"Thinking of taking a well-deserved vacation, son?"
"Not exactly, sir. Thinking of retiring."
Hammond's eyes flickered between them, and he smiled in understanding. "Oh, I think we can work something out."
Over the Edge
"I need that, sir."
"I do not believe that is wise, O'Neill."
"Come on, Jack. Jacob's waiting."
"And he's getting a little impatient." The voice directly behind Jack, and the hand that landed squarely on his shoulder, startled him.
He spun around, but lost the paper he held in the process. It disappeared over the edge of the cliff within seconds.
Silence descended on the group.
This time, the clap on his shoulder was one of blatant commiseration. "I'll just wait in the Tel'tak."
"As will I."
Jack grimaced. He was so going to pay.
"General O'Neill's here?"
"Hm? Oh, he's on vacation."
"Really? He didn't see enough of Colorado when he lived here?"
"Something wrong with spending leave with my wife, Mitchell?"
The newest member of SG-1 jumped to attention when the man in question appeared beside him.
"Of course not, sir. I didn't know you were... I mean... is she here?"
Mitchell glanced around curiously, but only noticed Daniel's startled cough, Teal'c's raised eyebrow, and the general's smirk.
"She lives here, Mitchell."
"But I thought Sam..."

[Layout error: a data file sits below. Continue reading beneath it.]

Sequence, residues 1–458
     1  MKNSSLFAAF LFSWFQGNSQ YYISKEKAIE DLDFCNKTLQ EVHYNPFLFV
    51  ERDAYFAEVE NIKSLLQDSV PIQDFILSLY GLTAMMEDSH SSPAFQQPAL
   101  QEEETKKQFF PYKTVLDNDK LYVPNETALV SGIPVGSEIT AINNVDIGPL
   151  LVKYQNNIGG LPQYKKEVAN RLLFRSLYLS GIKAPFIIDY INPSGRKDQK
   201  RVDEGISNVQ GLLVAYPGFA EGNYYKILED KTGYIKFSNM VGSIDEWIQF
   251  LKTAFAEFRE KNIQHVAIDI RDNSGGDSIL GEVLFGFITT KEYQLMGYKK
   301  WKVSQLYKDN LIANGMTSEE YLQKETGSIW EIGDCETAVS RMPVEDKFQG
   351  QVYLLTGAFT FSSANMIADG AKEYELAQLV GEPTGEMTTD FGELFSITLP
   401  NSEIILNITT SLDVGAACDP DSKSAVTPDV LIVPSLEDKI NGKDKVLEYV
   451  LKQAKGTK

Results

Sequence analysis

"Pizza's on its way," Sam interrupted from the door, before she walked straight into Jack's arms.
"I'm telling you, Teal'c. You're wrong, dead wrong."
Inside her lab, Sam quickly shifted the equipment she'd been using far from the colonel's reach, and was waiting, curious, when they finally arrived.
"Tell him, Captain."
"Ice-cream, Carter. Best classic flavour?"
"It is vanilla, O'Neill."
"Chocolate, Teal'c, chocolate."
Four eyes settled on Sam.
"You're both wrong," she said confidently. "It's mint chocolate chip."
Teal'c's eyebrow rose, and after a hasty bow, he retreated from the room.
"Traitor," O'Neill grumbled.
"Best of both worlds, sir."
O'Neill considered. "Taste test, Captain?"
Both were smiling, inexplicably happy as they headed for the commissary.
"Just checking in on Colonel Carter."
Mitchell breezed past the on duty nurse in the infirmary, oblivious to her look of alarm and the way she raced after him.
"Uh, sir. Colonel. If you could hold on just a moment."
But Mitchell was already pulling back the cubicle curtain.
And yanking it shut again as quickly as possible.
"She's, uh, obviously feeling better. I'll come back later."
Carter was, in fact, feeling considerably better.
Pressed against Jack's body, face cradled in gentle hands, lost in kisses that were becoming deeper—more heated—by the second, she couldn't have been otherwise.
Bonus Prompt: Family
She sneaked out the back door, desperately in need of some fresh air.
Her family meant well, but she couldn't take the constant looks of sympathy—for the loss of her father or her fiancÚ.
Hands cupped around a steaming mug of coffee, she lowered herself to the top step, mindless of the driving rain and the strengthening wind.
The warmth of the throw draped across her shoulders was welcome, but it was the man himself, the one who dropped down next to her and pulled her close, who was very much more so.
"Thank you. For everything."